With this background a 2.5-day non-residential intervention was designed. The main themes that emerged were that of ‘intimacy’, ‘friendship’, and ‘future’.

Role, authority and management of boundaries were also explored. Issues of identity pertaining to role in the form of being an offspring, a student, a friend and a romantic partner were dominant. The group initially exhibited hesitation in talking about romantic relationships. Coming from a cultural background in which engaging in a romantic relationship is taboo, the group found it difficult to express the position they were in their personal relationships. Love, sensuality, and sexual experiences were shared in great detail. Some of them talked about the confusion they carried about the partner. Tentative play of intimacy was mistaken for a permanent, long- lasting relationship. Some others experienced a sense of intense fear of being involved, or committing to, or engaging in an intimate relationship. Being cautious about committing to another person stemmed from two factors: one, the fear of being distracted from a future goal. Most adolescents, especially the males, also expressed their need to focus on education and career, and any intimate relationship at this stage being a distractor. Secondly, some others, especially the females, expressed the fear of parents or teachers becoming aware of the relationship.

Culture in India plays a dominant role in monitoring  adolescent girls’ sexuality. Adults have loaded ‘adolescent sexuality’ with shame and guilt, thus creating a sense of mistrust in adolescents.

The group of adolescents that took part in the programme also examined their ability to manage boundaries. Friendship was a boundary that was held very tightly: “I’ve always been there for my friend in times of need. Being in a small group without my friend is a bit difficult as my mind keeps wondering what my friend is doing in the other small group.”

To foster emotional and social growth, friendship plays a key role for an adolescent. It is also a critical stage of developing intimacy among peers. A well-being of an individual can be identified by the number of friends. However, there might be consideration with the quality of friends one has (Meyer, 2011). This group shared a trusting relationship as peers. The friendship shared was reciprocal and intimate. One adolescent expressed her concerns about not being able to ‘hold on’ to her friendship. Conveying her associations with classmates is something of a general pattern that she held for herself, and she spoke of not having a ‘best friend’.

Concerns about the future, aspirations, dreams and career were also highlighted as major areas of anxiety. The basic question ‘Who am I?’, ‘What am I good at?’ and ‘Where do I see myself in the future?’ were dominant. The pressure of not being able to take time to explore various options brought in a huge amount of confusion in the adolescent mind. “I want to peruse a career as a veterinary doctor, but my parents think of it as something that does not fetch much money”, an adolescent expressed in the session.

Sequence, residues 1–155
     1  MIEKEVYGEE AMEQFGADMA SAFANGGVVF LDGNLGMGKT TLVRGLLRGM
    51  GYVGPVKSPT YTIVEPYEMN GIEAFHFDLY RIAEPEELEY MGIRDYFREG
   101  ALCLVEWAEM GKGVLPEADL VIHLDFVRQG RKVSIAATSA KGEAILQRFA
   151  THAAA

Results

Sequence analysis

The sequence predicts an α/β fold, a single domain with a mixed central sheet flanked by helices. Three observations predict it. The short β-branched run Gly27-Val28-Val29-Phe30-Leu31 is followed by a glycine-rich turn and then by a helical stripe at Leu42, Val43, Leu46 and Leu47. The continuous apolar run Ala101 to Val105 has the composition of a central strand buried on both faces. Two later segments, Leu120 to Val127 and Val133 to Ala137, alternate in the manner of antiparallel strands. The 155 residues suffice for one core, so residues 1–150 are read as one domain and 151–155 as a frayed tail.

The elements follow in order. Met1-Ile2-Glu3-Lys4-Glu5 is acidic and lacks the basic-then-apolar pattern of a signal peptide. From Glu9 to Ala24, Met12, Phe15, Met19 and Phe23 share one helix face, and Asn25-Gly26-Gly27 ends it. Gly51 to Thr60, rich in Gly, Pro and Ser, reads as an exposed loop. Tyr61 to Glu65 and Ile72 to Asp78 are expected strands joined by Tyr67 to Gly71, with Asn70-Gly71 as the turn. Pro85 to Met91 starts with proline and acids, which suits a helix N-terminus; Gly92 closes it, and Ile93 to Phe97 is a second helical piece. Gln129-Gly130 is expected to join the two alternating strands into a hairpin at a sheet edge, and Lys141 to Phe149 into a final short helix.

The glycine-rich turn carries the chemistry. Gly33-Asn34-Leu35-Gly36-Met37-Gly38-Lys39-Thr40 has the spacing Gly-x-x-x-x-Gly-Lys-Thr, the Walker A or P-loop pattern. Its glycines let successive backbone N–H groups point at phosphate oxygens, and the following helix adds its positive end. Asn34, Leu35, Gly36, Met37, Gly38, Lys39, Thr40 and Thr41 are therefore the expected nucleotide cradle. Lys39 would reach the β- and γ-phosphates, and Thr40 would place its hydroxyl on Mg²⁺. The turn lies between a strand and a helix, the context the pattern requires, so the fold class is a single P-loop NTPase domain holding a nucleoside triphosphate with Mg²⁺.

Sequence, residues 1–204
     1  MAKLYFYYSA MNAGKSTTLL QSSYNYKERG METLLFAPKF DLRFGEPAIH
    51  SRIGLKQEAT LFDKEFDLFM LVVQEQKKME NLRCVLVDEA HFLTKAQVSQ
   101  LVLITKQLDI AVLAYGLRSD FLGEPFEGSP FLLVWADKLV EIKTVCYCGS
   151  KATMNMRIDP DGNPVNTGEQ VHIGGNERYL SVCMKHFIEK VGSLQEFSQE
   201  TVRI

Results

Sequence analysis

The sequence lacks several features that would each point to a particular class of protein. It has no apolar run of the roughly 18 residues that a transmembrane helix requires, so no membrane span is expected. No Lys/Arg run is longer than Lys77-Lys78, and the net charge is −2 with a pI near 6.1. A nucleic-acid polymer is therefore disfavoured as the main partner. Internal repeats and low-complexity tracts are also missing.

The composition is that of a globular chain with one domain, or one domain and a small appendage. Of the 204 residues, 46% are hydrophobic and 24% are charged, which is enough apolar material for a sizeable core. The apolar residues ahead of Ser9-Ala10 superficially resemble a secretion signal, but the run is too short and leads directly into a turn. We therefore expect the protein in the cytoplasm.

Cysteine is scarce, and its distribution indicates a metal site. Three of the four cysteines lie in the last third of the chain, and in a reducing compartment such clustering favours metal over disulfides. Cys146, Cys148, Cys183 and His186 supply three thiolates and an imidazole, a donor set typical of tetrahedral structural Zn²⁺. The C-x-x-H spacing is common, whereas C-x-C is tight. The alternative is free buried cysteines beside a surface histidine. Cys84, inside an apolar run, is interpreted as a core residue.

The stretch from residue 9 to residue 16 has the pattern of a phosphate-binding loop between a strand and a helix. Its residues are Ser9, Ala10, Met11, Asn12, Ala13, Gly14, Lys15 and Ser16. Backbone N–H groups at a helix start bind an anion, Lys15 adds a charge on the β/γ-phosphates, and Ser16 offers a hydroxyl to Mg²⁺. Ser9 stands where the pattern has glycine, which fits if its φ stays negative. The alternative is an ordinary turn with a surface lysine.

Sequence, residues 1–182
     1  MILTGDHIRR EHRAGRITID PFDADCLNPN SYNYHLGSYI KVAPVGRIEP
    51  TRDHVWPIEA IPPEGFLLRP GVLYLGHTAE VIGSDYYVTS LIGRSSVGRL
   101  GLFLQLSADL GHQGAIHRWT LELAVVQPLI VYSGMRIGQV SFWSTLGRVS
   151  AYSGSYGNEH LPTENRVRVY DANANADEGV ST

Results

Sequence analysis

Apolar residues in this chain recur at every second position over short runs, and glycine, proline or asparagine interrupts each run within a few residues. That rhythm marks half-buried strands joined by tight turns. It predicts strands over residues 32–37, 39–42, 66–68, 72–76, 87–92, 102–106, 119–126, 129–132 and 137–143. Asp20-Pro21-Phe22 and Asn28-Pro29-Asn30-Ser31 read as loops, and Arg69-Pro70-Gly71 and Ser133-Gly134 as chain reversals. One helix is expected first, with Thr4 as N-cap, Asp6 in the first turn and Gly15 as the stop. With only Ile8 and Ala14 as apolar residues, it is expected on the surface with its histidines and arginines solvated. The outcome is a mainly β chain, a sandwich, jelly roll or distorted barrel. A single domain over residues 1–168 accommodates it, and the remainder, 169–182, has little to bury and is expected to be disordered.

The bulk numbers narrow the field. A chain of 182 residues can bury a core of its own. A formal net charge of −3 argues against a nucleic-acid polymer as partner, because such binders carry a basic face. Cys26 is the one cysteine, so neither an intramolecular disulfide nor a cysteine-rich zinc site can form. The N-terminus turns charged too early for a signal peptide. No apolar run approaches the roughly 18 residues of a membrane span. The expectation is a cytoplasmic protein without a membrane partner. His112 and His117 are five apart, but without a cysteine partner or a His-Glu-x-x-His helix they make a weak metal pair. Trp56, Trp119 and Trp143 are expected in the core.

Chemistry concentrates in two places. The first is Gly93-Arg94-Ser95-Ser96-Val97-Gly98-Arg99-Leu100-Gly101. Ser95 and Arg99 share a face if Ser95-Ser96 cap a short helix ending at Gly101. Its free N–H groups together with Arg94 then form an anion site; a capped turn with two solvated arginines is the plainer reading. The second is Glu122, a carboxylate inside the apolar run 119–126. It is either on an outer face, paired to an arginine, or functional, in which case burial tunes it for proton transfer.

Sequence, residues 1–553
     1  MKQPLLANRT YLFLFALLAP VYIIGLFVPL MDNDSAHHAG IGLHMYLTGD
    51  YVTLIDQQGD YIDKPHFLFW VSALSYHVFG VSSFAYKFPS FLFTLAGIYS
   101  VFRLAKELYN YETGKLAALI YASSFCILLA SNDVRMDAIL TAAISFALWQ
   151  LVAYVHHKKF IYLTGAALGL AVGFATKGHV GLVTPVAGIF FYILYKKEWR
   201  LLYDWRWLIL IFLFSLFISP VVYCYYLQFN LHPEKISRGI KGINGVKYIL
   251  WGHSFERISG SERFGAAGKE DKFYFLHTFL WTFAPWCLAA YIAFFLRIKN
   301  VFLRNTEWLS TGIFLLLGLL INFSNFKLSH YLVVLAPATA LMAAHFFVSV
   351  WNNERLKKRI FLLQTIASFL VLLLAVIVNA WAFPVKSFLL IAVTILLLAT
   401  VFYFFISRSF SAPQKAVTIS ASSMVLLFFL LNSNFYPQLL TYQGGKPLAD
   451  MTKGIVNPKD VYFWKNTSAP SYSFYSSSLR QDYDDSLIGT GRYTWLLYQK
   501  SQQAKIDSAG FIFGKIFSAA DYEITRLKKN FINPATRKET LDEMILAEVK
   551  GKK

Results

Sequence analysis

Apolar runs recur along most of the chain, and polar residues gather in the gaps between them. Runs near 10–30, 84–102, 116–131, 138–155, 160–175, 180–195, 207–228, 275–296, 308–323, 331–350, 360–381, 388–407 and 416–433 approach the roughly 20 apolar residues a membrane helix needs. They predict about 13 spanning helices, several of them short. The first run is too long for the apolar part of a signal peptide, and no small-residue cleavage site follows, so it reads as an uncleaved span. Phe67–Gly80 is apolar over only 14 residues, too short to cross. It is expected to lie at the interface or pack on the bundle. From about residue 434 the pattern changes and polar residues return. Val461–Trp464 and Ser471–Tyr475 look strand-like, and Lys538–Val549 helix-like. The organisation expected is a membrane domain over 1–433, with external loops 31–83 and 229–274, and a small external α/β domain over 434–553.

Adolescents in India, exposed by the advancements in technology and media, are increasingly curious about what they want to be in future. However, social and family pressure creates confusion that is evident. Erikson (1964) points out that an adolescent is mortally afraid of being forced into activities that will expose his personal wishes and choices.

Post event, the same questionnaire was administered to the adolescent students. To quote: “I kept worrying about being confused with whatever is happening to me. Especially with the choice of vocation. I realized that I still have time to do my own digging, and exploring what interests me” said a student with relief. Erikson’s theory states a requirement for an adolescent to take time out to understand who they are or what they want out of life.

“My need to be in a relationship stemmed from an innate need to belong to my group of friends. I saw how it made them feel happy or excited. I wanted that for myself too” stated another student. “I think the relationship that I share with my partner is that of friendship. I’m pretty sure I don’t feel anything else towards him.”

 

REFERENCES

Erikson E.H., (1964): Identity: Youth and Crisis.

Freud S. (1949): Three Essays On The Theory of Sexuality.

Freud S. (1908): ‘Civilized’ Sexual Morality and Modern Nervousness.

Meyer, R.M.L (2011): The Role of friendship for adolescent development in African American youth.

United Nation Population Fund: Adolescents in India: A Profile.

 

ABOUT the AUTHORS

  •  Ms Swetha Rao is Senior Consulting Psychologist with Sukrut, since 2005.
  • Mr Manab Bose is Director of Sukrut and is a practicing Psychoanalytic Psychotherapist.